This is the second blog in a 3-blog series created in partnership with Construction News.
At the start of last year, Causeway announced it had acquired biometrics specialist Donseed in a move that enhanced the range of products the company was able to provide to its clients. Working in partnership with Construction News, Ollie McGovern from Causeway discusses why biometric technology is good for business.
The newly named Causeway Donseed was founded in 2013 by Ollie McGovern. He says that most biometric solutions to date simply provide a means of identifying workers but adds that this misses a trick. “One of the key benefits is around identity, but now with concerns around health and safety compliance, risk management and productivity, there is a desire from customers to do more than simply identify someone via biometrics, collecting business-critical data about personnel at point of sign-in or sign-out is a also a necessity,” says McGovern.
Why biometric technology is good for business: intelligent enrolment
A simple description of how the Causeway Donseed system works illustrates the point. “If you are a worker turning up on a construction site and use our solution – either fingerprint or face recognition – for the first time, the system will take you through a touchscreen interface where you have to acknowledge GDPR, site-specific health and safety PPE rules and answer any bespoke questions set by the client,” he says.
“You are enrolled biometrically on a site, but you are also complying with site specific health and safety rules and acknowledging data protection. For the contractors, that means that they are capturing a one off, real-time identity of a worker and that biometric identity is a single template that they then don’t have to re-register on any other site for that contractor.”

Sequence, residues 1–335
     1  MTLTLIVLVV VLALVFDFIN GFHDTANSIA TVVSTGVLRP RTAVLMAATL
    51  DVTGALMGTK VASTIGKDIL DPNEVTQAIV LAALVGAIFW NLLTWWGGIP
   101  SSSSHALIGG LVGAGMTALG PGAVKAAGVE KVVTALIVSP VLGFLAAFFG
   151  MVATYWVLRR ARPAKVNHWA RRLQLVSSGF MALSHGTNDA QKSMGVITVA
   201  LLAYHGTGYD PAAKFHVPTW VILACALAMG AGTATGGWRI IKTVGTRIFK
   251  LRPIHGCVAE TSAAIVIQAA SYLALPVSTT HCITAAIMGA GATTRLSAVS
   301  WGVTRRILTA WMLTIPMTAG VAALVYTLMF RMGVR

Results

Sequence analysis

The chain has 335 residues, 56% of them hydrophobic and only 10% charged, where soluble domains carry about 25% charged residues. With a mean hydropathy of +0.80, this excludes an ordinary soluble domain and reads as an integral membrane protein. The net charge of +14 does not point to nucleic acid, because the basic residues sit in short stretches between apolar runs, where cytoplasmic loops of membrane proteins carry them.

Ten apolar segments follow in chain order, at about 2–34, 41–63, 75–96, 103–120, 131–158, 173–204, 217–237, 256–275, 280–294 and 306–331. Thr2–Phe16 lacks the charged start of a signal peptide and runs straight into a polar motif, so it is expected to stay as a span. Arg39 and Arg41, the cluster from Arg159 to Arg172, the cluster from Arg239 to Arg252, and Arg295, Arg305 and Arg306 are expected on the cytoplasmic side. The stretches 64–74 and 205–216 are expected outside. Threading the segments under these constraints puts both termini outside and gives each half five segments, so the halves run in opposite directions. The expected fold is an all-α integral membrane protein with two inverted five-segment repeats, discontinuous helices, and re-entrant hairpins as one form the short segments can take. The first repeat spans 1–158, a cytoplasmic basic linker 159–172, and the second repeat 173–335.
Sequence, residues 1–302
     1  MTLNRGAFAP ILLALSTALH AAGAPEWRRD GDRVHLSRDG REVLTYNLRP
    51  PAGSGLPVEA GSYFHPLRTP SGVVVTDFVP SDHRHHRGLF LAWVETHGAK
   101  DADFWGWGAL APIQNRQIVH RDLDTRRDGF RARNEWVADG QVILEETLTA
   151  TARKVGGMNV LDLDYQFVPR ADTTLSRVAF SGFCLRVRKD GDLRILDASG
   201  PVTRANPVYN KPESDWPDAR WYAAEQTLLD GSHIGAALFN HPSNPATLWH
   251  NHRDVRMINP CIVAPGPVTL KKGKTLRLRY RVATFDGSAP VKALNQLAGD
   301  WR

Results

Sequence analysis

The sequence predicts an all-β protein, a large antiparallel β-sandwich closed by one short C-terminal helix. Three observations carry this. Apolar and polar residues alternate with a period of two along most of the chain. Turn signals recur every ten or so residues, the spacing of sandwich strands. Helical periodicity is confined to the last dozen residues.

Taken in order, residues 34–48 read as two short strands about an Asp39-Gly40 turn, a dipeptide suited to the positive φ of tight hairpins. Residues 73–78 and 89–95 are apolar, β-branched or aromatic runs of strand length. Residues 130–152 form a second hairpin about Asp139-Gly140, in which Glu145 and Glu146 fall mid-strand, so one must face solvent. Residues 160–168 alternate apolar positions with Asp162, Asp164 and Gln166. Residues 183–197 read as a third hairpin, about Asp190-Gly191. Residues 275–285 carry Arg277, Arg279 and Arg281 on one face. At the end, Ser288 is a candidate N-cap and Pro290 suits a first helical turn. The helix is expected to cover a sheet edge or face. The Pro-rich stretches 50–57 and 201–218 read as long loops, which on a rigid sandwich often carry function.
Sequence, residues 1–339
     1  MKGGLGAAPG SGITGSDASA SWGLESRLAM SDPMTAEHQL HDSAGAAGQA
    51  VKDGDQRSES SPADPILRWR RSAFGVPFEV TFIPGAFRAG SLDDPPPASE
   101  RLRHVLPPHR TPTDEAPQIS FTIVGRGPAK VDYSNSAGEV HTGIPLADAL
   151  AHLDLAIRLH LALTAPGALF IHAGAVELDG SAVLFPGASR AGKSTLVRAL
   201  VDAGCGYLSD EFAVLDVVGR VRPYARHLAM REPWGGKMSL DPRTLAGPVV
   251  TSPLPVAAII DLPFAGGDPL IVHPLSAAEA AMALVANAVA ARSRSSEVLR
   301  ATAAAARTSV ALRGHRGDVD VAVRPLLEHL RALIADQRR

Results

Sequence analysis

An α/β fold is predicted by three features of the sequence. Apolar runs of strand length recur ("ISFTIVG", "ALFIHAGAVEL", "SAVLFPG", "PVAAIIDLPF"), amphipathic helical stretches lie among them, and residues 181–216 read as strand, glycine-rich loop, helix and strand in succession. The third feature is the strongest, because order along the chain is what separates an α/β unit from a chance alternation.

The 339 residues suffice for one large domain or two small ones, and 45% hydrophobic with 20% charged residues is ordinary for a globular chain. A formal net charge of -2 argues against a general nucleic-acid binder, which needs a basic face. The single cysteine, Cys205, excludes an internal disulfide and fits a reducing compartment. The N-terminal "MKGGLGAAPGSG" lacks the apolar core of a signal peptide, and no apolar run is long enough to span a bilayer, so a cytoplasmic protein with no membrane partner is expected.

However, the benefits of an intelligent biometric system for contractors go much further, not least in ensuring that they have an indisputable record that a worker has understood and accepted health and safety rules. “It reduces the risk of a contractor getting an incorrect health and safety claim retrospectively,” says McGovern.
“Historically, people would sign in and out on paper and a contractor would produce a paper-based site induction or site health and safety document. Workers could leave site and then two years later make a claim for compensation. Most companies would then have to go back and find paper records from two years previously, which may not be found or be illegible. So, there is a reputational risk. There is a commercial impact and obviously there is the time and effort by management to deliver on that.”
Why biometric technology is good for business: health and safety compliance
But it is not just about protecting employers from potentially vexatious claims – it is also about protecting workers. The firm says intelligent biometric systems which are powered by powerful back-end software solutions can be updated at any time, meaning that as circumstances change, those changes can be communicated. “It is an alternative way to communicate with your workforce and improve health and safety compliance because you are able to remind them at any time about health and safety rules,” he says.
“It’s a legal requirement for peopleto sign in and out of a site every day, so at that point if you choose to you can remind them about health and safety rules daily. You can update changes or risks to individual workers on a daily basis. All of that is recorded and time and date stamped. If health and safety rules change overnight, they can be updated in the cloud, pushed out to devices and you can update workers in the morning to acknowledge it when they sign in.”
Discover how biometric technology is having a direct impact on the bottom line in the third part of our 3-blog series in partnership with Construction News here.